Weeks 1-2 — What is Performance?

Readings: Shannon Jackson, Richard Schechner, Peggy Phelan, J.L. Austin,

Judith Butler (all on performance as a field, a term, and an analytical mode

of inquiry)

-Students will share with the class one question emerging from the readings (1

page single spaced)

Weeks 3-4 — The Social Model of Disability Studies

Readings: Lennard Davis (disability studies), Rosemary Garland Thompson

(disability), Susan Schweik (on the “ugly laws”)

-Writing Assignment: Please write a reaction paper based on the first two weeks’

readings on a keyword such as “performance,” “disability, or “ability” (4-5

double-spaced pages)

Weeks 5-6 —  Betwixt and Between: Liminality and the Carnivalesque

Readings: Victor Turner (the liminal), Mikhail Bakhtin (the carnivalesque),

Erving Goffman (on stigma)

-Writing Assignment: What are the limits and/or potential of the term “liminal” or “carnivalesque” when discussing the “disabled” body? (4-5 double-spaced pages)

Weeks 7-8 — The Freak Show and Static Spectatorship

Readings: Rosemary Garland Thompson (on freakery), Michael Chemers (on

freak shows), Petra Kuppers and Carrie Sandhal (on contemporary disability

performance)

-Writing Assignment: Choosing one example from the readings, please discuss

the relationship between temporality and speed (stasis or motion) in a freak show

display; be prepared to share with the class (3 pages double-spaced)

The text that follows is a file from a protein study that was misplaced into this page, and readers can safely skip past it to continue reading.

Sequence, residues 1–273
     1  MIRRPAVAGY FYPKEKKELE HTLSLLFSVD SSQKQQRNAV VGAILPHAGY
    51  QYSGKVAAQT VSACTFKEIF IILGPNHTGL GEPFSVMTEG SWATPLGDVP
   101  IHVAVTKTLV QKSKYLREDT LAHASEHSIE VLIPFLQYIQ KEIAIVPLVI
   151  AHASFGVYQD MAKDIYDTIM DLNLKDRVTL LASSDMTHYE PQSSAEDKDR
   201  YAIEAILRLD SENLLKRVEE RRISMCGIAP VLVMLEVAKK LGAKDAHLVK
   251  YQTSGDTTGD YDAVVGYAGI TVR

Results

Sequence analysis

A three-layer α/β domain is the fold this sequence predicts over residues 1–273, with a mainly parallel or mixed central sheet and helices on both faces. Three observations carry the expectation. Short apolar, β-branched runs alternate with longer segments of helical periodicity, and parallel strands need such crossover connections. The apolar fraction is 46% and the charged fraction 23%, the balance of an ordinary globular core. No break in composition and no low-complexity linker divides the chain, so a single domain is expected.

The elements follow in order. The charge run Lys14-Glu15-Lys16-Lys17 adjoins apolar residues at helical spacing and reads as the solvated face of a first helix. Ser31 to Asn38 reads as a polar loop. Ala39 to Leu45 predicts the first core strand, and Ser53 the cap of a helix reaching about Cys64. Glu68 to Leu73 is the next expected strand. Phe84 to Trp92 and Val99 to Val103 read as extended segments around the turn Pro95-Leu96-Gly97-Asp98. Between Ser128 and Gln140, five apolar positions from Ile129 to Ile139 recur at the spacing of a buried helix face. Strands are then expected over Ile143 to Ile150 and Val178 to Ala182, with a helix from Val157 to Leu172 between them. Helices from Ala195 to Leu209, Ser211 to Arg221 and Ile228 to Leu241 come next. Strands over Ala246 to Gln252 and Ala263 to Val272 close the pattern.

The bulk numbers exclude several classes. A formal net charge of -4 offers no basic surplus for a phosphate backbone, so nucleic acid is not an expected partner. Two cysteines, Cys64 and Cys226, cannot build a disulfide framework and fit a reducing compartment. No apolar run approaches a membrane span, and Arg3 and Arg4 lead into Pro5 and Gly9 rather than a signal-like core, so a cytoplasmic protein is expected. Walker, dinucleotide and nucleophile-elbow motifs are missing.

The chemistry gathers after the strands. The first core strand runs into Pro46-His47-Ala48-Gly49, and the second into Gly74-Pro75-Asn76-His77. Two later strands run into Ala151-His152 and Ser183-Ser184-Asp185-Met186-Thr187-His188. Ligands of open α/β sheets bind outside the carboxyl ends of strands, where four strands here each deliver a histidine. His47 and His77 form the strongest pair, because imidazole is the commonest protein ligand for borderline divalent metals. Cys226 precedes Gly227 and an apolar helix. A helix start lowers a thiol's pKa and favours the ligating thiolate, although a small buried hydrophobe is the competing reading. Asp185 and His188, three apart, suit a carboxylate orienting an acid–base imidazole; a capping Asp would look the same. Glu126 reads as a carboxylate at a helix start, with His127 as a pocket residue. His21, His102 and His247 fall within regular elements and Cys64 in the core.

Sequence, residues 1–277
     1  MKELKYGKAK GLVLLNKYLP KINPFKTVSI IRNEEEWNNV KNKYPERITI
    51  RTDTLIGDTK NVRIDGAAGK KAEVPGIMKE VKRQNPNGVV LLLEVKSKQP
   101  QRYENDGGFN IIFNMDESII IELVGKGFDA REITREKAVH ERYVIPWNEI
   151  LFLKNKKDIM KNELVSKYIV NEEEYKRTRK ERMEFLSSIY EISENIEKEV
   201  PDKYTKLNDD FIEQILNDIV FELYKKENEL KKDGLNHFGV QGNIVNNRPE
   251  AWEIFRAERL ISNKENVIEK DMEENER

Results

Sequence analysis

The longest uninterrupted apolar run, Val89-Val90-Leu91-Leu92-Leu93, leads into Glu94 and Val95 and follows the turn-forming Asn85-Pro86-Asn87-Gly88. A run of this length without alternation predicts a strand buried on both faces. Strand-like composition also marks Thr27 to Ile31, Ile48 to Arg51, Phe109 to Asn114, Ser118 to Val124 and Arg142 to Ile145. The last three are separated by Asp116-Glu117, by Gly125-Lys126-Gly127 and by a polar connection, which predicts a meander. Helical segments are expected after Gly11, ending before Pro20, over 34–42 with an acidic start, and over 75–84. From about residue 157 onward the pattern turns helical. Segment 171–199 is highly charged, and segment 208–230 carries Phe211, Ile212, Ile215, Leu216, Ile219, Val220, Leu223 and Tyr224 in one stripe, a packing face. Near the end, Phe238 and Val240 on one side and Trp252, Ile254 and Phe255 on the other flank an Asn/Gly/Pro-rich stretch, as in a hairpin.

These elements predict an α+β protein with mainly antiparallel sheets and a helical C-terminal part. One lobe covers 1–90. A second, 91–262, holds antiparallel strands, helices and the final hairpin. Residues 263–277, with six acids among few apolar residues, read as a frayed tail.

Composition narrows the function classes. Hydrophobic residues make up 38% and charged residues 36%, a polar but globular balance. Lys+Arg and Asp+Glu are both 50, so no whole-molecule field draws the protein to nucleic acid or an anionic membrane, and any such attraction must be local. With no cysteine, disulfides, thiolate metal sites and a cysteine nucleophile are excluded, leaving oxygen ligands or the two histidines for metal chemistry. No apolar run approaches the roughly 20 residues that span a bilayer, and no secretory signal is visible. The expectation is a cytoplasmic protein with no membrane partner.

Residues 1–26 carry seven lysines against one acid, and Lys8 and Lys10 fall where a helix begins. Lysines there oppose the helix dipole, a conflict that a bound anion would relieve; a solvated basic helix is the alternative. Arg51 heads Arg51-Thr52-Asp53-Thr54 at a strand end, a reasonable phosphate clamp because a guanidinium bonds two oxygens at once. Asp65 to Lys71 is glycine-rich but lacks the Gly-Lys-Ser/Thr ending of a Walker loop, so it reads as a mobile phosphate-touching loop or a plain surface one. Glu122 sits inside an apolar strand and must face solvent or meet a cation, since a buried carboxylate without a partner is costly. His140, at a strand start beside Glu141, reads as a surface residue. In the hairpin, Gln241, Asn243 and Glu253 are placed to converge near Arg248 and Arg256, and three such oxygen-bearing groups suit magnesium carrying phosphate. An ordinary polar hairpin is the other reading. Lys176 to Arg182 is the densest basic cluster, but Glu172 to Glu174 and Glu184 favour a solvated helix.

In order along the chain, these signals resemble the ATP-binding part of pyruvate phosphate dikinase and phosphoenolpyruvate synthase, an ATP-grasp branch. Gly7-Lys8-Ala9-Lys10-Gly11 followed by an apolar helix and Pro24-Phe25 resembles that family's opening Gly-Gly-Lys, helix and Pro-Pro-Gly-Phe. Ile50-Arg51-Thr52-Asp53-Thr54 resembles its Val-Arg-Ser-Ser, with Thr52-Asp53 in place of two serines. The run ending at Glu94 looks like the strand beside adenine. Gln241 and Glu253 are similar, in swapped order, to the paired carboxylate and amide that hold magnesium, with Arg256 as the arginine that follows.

Weeks 9-10 — From the Ethnological Freak Show to the Minstrel Show

Readings: Eric Lott, Louis Chude-Sokei, W.T. Lhammon, and Michael Rogin (on

blackface minstrelsy), Linda Williams (on racial legibility), Daphne Brooks (on

late 19th century performances of blackness)

-Writing Assignment: What is the relationship between historical freak shows and

minstrel shows, either implicitly or explicitly discussed in one or more of the

readings? (4-5 double-spaced pages)

*Please speak to me in office hours during week 9 as you develop final paper

topics. Prepare a one-paragraph abstract of a possible topic or thesis.

Weeks 11-12 — Race in Motion

Readings: Sianne Ngai (animatedness), Anne Anlin Cheng (mutability and

surface), Joseph Roach (surrogacy, race, and performance), Thomas DeFrantz (on

black dance and beauty)

-Writing Assignment: Using an example from contemporary performance culture

(on stage or screen), please discuss the relationship between freakery and race,

using a concept from these readings as a lens (animatedness, mutability,

surrogacy, or beauty)

Weeks 13-14 —  Final Presentations, Complete Final Papers

*Final presentations are an opportunity to share your final paper topics with the